The Importance of Hobbies

This guest post was written by Erin Eby, art director and co-founder of Cocktail, a boutique in Geneva, Switzerland.

When I found myself between jobs, I decided to nurture the “art” side of my “art director.” It was nice to be able to experiment, explore, and be inspired with no boss or client to answer to.
After I accumulated what I thought were some interesting pieces, I realized that I needed a way to share the work, so I started a little store, and I’ve been pleasantly surprised with the results.

What started as a therapeutic hobby ended up being valuable in more ways than personal satisfaction. I can’t believe how many new techniques I learned working on my Etsy pieces that I now apply to client work. I connected with other artists and found myself more in tune with the design community *outside* of advertising. And (as a bonus) it turned out to be lucrative when some prints ended up selling.
The fact is that when people stop doing what they *have* to do and start doing what they *want* to do, great stuff happens. Hobbies are fantastic vehicles for growth, especially when they are focused, deliberate, and involve something that you love. If you’re reading this, advertising is probably your number one passion (or is at least pretty high up there), but what else inspires you and sparks creativity in your ads?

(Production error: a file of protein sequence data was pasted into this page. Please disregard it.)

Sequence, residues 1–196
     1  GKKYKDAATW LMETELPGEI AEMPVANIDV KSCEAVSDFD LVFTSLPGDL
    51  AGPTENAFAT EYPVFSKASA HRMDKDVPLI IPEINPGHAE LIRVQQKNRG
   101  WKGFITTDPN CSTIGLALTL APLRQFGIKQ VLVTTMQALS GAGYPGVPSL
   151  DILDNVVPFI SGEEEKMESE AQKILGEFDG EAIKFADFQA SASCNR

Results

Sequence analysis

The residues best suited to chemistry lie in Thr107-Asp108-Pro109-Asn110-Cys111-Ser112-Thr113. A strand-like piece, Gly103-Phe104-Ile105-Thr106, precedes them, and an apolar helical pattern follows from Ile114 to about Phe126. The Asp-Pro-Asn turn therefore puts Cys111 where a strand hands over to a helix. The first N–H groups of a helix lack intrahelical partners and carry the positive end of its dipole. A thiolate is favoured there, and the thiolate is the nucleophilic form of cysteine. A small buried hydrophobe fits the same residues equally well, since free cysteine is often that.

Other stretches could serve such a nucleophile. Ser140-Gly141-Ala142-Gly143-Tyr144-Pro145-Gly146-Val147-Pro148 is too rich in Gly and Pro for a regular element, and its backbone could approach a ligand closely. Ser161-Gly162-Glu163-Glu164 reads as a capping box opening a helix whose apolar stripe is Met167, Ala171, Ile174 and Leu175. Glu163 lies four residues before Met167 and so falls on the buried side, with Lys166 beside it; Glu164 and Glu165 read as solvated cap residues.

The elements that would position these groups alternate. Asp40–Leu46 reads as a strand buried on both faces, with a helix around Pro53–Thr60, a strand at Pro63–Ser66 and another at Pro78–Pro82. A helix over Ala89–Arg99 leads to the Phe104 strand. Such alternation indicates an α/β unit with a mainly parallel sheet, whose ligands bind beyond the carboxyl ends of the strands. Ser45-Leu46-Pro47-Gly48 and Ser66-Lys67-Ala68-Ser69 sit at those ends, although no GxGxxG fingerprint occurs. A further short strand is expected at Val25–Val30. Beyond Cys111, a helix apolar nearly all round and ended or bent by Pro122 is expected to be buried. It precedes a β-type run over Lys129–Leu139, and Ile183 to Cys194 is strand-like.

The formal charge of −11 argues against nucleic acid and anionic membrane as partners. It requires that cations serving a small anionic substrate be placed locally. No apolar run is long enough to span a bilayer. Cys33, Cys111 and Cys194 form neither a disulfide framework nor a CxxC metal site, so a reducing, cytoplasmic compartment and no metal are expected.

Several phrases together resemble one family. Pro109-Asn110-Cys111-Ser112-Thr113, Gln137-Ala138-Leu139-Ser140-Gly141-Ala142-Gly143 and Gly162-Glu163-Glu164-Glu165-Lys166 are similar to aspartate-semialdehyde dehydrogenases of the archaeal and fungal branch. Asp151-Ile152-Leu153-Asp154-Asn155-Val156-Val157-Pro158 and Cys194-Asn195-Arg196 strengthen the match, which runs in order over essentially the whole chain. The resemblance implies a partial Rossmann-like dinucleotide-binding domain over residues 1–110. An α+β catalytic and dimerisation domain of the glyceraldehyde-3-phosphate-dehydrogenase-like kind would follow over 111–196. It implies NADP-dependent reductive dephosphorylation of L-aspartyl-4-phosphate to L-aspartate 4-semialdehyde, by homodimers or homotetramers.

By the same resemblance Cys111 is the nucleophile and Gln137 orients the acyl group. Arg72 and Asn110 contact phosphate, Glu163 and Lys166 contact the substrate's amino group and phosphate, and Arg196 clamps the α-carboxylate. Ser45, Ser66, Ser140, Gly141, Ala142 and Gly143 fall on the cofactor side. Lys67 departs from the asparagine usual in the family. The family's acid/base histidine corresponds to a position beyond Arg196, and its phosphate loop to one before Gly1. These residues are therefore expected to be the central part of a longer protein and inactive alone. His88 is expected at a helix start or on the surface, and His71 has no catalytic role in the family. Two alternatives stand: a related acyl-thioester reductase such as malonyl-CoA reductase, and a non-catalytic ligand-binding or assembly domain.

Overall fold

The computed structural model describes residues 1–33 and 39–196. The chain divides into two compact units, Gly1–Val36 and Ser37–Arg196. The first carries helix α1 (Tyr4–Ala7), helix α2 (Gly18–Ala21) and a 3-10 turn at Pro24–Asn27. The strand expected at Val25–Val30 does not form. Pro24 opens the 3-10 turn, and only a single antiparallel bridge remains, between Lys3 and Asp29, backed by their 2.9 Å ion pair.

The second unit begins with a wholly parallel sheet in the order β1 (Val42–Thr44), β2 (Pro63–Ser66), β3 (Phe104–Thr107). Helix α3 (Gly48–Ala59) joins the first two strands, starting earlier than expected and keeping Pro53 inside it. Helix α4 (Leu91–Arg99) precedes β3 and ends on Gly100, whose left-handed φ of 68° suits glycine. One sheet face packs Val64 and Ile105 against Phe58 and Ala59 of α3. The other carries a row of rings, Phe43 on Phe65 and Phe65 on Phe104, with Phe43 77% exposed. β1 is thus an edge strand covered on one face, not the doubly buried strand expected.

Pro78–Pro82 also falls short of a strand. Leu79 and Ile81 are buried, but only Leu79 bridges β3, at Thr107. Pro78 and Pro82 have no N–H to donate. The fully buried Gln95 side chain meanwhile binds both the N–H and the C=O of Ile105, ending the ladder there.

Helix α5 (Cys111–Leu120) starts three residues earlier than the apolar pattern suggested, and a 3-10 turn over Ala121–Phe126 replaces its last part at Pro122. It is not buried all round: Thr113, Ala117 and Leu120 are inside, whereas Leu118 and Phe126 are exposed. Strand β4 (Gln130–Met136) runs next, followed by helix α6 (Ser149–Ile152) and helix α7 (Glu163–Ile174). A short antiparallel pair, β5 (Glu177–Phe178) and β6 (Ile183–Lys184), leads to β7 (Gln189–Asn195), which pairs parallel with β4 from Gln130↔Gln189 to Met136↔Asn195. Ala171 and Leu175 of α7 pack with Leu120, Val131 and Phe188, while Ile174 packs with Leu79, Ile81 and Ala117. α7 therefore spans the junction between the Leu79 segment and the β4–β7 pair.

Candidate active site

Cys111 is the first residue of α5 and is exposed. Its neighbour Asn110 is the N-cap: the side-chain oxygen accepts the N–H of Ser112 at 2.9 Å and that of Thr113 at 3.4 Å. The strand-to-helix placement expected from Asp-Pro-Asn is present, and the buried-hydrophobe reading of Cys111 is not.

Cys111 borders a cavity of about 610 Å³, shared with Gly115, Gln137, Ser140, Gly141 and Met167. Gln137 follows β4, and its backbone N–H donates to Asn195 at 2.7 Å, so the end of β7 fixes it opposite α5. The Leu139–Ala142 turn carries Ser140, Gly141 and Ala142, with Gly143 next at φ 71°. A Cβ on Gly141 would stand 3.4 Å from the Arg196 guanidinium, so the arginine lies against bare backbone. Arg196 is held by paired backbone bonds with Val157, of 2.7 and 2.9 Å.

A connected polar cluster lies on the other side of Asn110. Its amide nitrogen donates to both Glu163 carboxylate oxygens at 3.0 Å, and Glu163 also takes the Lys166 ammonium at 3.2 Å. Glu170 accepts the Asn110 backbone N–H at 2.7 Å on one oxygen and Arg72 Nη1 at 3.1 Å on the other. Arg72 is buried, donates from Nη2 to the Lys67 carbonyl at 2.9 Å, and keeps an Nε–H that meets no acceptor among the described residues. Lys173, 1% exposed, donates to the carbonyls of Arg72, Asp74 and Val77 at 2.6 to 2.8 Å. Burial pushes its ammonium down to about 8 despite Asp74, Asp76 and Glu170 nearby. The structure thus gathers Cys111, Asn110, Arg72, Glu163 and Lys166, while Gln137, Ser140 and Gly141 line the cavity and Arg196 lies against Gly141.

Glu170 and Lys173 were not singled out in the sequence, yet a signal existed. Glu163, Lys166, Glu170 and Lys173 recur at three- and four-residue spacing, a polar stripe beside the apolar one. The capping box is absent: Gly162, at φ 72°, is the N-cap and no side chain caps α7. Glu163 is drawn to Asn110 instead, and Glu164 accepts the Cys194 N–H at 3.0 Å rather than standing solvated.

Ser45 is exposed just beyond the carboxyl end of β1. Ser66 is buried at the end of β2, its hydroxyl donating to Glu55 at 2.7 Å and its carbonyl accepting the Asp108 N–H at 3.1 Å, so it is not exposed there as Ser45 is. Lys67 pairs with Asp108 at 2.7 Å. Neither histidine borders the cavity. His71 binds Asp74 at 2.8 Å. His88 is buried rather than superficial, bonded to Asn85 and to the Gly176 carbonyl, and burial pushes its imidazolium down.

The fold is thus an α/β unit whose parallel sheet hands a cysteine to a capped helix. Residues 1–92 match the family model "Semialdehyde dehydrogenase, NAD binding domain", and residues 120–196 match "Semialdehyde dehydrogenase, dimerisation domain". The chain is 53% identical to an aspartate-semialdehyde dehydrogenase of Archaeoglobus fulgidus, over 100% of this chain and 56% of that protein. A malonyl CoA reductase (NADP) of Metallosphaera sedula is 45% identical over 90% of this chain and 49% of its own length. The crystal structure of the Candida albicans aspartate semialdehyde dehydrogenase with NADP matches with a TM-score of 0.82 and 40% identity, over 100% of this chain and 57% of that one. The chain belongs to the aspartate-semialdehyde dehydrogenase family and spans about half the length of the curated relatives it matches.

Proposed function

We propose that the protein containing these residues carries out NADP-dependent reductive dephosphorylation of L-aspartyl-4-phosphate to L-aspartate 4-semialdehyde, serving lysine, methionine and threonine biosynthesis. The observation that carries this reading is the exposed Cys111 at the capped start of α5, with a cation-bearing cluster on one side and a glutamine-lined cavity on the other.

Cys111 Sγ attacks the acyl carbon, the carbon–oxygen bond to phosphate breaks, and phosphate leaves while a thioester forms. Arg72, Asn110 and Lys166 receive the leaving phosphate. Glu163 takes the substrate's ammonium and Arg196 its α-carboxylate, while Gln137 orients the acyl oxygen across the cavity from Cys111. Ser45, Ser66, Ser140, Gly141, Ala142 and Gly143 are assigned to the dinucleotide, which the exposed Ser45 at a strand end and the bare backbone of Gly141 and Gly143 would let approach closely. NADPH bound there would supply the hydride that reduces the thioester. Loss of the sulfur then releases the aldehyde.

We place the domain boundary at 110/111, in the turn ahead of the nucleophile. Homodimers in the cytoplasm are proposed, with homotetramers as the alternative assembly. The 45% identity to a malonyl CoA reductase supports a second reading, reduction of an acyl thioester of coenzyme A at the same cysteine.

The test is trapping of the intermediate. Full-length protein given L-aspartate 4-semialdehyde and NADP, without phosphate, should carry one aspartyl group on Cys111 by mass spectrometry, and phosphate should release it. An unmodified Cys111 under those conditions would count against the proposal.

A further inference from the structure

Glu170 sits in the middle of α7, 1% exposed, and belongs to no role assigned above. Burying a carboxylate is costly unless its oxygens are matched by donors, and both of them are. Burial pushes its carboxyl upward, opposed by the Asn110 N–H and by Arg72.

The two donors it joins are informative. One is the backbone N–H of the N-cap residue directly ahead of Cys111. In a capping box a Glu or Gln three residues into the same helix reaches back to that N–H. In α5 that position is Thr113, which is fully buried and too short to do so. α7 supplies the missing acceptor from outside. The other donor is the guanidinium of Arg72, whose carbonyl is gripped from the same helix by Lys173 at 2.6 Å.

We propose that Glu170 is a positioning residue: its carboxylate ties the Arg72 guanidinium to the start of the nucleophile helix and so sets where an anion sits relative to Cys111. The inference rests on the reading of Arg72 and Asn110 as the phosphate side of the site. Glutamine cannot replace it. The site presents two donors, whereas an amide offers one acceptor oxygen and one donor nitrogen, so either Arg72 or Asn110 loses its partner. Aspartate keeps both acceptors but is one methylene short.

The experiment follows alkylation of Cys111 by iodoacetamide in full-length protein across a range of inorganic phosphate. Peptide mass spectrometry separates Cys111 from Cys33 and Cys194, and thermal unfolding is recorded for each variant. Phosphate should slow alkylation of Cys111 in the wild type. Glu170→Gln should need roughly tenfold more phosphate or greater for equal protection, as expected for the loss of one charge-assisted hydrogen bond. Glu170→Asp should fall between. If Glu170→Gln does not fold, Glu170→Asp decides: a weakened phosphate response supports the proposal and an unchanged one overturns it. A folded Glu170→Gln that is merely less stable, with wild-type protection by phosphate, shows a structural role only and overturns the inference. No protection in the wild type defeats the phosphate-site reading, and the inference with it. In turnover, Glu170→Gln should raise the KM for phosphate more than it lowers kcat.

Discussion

For the guys at Red Tettemer it was making gin. For Chicago-based designer John Christenson, it is self-made cheese and bread, ultra-marathons, and these amazing name puzzles, which are currently on my wish list.
Side projects aren’t just limited to designers and art fans. My husband, Jack, is a biomedical engineer and general science enthusiast. When he’s not in the lab, he’s scouring for cool challenges to submit his ideas to. He feels that his proposal-writing skills have vastly improved thanks to his submissions.
It doesn’t really matter what it is so long as in the end, you would be proud to discuss your experience and feel like you got something out of it.

The best side-projects in terms of being beneficial to your ad career loosely adhere to the below “rules”:
  1. It is *shareable*. You have some kind of documentation that this side-project actually existed. Even better if that documentation tells a story.
  2. It is somehow *relevant* to your chosen path in the ad industry. Or it’s just mind-blowingly cool and creative.
  3. Potential for *growth*. Nothing is better than a success story of a passion turned into a phenomenon, so the more scalable your project the better. Try to think about “what’s next” for your project so that it can grow along with you and your career.

Happy hobbying!


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